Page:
Aqueous-organic partition coefficients for Rn-222 and their application to Radon analysis by liquid scintillation methods Public Deposited

http://ir.library.oregonstate.edu/concern/graduate_thesis_or_dissertations/cr56n454n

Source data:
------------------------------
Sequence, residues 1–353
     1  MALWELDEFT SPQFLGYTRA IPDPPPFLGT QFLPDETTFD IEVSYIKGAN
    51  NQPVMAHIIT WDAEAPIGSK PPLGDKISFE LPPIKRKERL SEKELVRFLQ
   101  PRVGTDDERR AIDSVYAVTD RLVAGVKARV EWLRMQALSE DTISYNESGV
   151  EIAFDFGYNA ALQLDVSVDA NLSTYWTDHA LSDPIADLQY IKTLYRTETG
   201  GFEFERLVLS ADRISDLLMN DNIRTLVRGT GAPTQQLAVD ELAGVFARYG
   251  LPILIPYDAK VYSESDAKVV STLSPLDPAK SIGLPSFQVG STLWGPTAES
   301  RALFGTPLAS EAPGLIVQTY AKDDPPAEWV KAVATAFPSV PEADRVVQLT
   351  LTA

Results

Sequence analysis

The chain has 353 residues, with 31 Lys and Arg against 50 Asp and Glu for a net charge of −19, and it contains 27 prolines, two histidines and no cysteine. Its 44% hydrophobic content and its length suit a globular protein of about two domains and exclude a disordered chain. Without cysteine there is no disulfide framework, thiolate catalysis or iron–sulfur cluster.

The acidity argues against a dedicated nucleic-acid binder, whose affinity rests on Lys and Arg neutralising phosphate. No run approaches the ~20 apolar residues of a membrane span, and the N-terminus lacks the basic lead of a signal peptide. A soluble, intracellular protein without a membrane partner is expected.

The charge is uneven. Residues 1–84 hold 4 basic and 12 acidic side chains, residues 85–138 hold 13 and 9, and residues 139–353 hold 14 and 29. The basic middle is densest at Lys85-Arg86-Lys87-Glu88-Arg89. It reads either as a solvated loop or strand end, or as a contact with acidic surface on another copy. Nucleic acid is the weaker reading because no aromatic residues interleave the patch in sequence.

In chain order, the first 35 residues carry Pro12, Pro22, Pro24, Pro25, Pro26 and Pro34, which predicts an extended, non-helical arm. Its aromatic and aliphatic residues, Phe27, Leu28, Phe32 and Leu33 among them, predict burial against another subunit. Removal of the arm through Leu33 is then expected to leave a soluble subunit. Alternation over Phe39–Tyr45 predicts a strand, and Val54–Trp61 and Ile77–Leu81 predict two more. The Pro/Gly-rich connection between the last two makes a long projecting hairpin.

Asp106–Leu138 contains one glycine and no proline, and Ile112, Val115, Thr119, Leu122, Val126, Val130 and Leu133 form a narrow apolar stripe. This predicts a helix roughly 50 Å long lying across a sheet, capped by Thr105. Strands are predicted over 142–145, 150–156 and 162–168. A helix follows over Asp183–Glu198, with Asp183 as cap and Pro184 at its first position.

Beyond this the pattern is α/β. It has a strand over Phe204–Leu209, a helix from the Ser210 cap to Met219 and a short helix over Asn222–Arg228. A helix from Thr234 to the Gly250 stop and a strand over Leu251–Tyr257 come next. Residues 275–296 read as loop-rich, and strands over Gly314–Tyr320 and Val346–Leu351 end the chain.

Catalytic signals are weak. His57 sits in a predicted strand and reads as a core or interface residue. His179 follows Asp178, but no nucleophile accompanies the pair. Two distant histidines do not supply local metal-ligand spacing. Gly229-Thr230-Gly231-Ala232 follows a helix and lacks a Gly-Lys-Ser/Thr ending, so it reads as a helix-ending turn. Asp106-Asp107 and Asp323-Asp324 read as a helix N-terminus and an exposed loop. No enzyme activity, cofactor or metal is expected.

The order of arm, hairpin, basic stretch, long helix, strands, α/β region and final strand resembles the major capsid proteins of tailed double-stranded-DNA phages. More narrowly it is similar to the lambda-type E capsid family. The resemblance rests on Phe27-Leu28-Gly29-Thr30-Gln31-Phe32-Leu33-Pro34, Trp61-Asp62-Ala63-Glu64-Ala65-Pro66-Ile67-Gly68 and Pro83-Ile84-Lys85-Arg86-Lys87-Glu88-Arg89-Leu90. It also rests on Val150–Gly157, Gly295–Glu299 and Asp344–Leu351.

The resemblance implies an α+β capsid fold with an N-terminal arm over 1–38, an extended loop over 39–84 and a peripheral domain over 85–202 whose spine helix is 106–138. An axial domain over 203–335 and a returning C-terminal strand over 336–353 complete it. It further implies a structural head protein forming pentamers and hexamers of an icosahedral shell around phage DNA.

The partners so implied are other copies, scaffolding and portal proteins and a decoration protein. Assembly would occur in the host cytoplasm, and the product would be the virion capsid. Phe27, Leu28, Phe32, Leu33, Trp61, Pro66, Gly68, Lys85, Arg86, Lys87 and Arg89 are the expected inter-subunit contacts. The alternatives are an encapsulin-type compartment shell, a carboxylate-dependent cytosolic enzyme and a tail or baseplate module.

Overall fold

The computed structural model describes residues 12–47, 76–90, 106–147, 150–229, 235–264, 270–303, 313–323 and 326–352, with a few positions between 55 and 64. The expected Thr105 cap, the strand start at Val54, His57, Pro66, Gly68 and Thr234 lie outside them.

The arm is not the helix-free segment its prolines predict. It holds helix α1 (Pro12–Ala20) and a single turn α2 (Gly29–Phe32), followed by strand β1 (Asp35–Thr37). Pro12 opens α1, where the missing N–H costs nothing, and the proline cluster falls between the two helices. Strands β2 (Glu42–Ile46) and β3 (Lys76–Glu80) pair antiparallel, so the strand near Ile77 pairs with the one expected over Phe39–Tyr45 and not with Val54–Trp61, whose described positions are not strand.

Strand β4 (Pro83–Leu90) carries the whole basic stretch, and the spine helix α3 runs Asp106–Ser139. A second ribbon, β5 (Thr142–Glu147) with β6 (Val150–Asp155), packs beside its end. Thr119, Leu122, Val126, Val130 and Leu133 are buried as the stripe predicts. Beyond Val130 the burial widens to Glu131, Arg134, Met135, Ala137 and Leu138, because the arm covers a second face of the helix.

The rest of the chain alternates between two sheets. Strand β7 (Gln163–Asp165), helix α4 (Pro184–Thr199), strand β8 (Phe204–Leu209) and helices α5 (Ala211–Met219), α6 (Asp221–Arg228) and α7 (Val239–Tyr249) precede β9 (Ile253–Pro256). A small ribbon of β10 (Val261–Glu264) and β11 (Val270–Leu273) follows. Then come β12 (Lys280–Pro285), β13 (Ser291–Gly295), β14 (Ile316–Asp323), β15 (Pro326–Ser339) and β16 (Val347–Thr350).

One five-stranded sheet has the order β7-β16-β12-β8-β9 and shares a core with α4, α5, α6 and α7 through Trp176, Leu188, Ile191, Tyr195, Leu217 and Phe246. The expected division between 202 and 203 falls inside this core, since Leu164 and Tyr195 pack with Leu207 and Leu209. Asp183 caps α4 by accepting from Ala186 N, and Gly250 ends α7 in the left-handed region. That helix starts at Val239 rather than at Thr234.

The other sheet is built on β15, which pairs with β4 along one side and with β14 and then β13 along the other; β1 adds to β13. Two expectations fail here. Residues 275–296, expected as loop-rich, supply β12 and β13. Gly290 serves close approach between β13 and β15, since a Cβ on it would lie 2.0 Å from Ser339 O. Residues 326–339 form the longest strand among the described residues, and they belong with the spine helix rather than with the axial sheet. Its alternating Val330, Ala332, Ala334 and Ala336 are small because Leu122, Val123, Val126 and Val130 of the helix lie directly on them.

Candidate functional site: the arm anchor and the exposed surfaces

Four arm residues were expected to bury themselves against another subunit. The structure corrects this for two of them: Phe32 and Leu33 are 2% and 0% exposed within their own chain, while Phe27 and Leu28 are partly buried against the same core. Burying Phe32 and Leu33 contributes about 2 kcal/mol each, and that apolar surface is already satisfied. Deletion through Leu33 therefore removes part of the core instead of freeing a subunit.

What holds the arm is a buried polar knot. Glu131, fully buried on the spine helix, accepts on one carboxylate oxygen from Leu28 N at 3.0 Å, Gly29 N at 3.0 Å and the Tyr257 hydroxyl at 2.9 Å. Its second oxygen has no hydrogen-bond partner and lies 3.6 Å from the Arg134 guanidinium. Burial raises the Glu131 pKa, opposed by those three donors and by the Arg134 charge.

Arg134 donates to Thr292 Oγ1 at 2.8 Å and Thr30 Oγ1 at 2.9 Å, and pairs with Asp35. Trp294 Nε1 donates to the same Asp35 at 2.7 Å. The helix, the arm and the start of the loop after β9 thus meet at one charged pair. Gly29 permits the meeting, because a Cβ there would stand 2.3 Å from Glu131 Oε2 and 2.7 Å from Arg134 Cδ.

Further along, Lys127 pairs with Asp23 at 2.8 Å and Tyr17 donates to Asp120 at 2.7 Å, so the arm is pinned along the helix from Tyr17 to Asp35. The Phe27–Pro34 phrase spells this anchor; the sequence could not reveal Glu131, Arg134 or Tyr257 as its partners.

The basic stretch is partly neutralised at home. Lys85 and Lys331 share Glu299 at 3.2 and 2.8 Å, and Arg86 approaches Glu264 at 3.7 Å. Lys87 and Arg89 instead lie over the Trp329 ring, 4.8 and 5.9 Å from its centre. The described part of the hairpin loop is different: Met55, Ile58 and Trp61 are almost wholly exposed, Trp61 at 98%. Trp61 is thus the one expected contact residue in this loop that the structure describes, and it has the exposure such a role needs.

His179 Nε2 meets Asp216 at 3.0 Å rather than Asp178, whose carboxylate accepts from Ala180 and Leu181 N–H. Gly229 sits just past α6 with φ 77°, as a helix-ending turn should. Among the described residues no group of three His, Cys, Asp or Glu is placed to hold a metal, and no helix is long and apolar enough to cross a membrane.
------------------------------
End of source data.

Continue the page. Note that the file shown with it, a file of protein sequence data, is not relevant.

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  • A method is described for determining the partition coefficient, K, for radon gas distributed between an aqueous phase and an organic solvent. The method uses sequential extractions of radon into equal volume aliquots of organic solvent. The radon-laden organic liquid is then counted on a liquid scintillation analyzer with alpha-beta separation. The high quench resistance and counting efficiency of alpha particles by liquid scintillation methods are ideal for counting a variety of aromatic, aliphatic, and cyclic organic solvent and scintillation cocktail mixtures. Accurate knowledge of the instrument counting efficiency, quench, and standard solution activity are not required. Replicate measurements of the aqueous-organic radon partition coefficient on benzene, toluene, o-xylene, n-hexane, and cyclohexane showed excellent agreement with theoretical radon partition coefficients derived from Ostwald solubility coefficients. The method was also used to determine the radon partition coefficient for several commercial liquid scintillation solutions. Though performed on lighter-than-water solvents, the method is potentially amendable to solvents more dense than water. Knowledge of radon partitioning plays a significant role in the standard liquid scintillation counting method for analyzing radon in aqueous samples. Radon is unique in that it distributes itself between the aqueous, cocktail and gas phases within an LSC vial. With too little cocktail, the vial headspace becomes a significant radon sink. More cocktail minimizes radon loss to the vial headspace, but with the potential for higher instrument background. The effect of cocktail volume on method performance when analyzing radon in 5.0 mL aqueous samples was investigated by preparing samples having from 5.0 to 15.0 mL of scintillation cocktail floating atop of 5.0 mL of standard solution. As predicted, radon partitioning played a direct role in the measured counting efficiency. In all cases, analyzing 5.0 mL of aqueous sample using 5.0 mL of scintillation cocktail proved to be the optimum analysis protocol.
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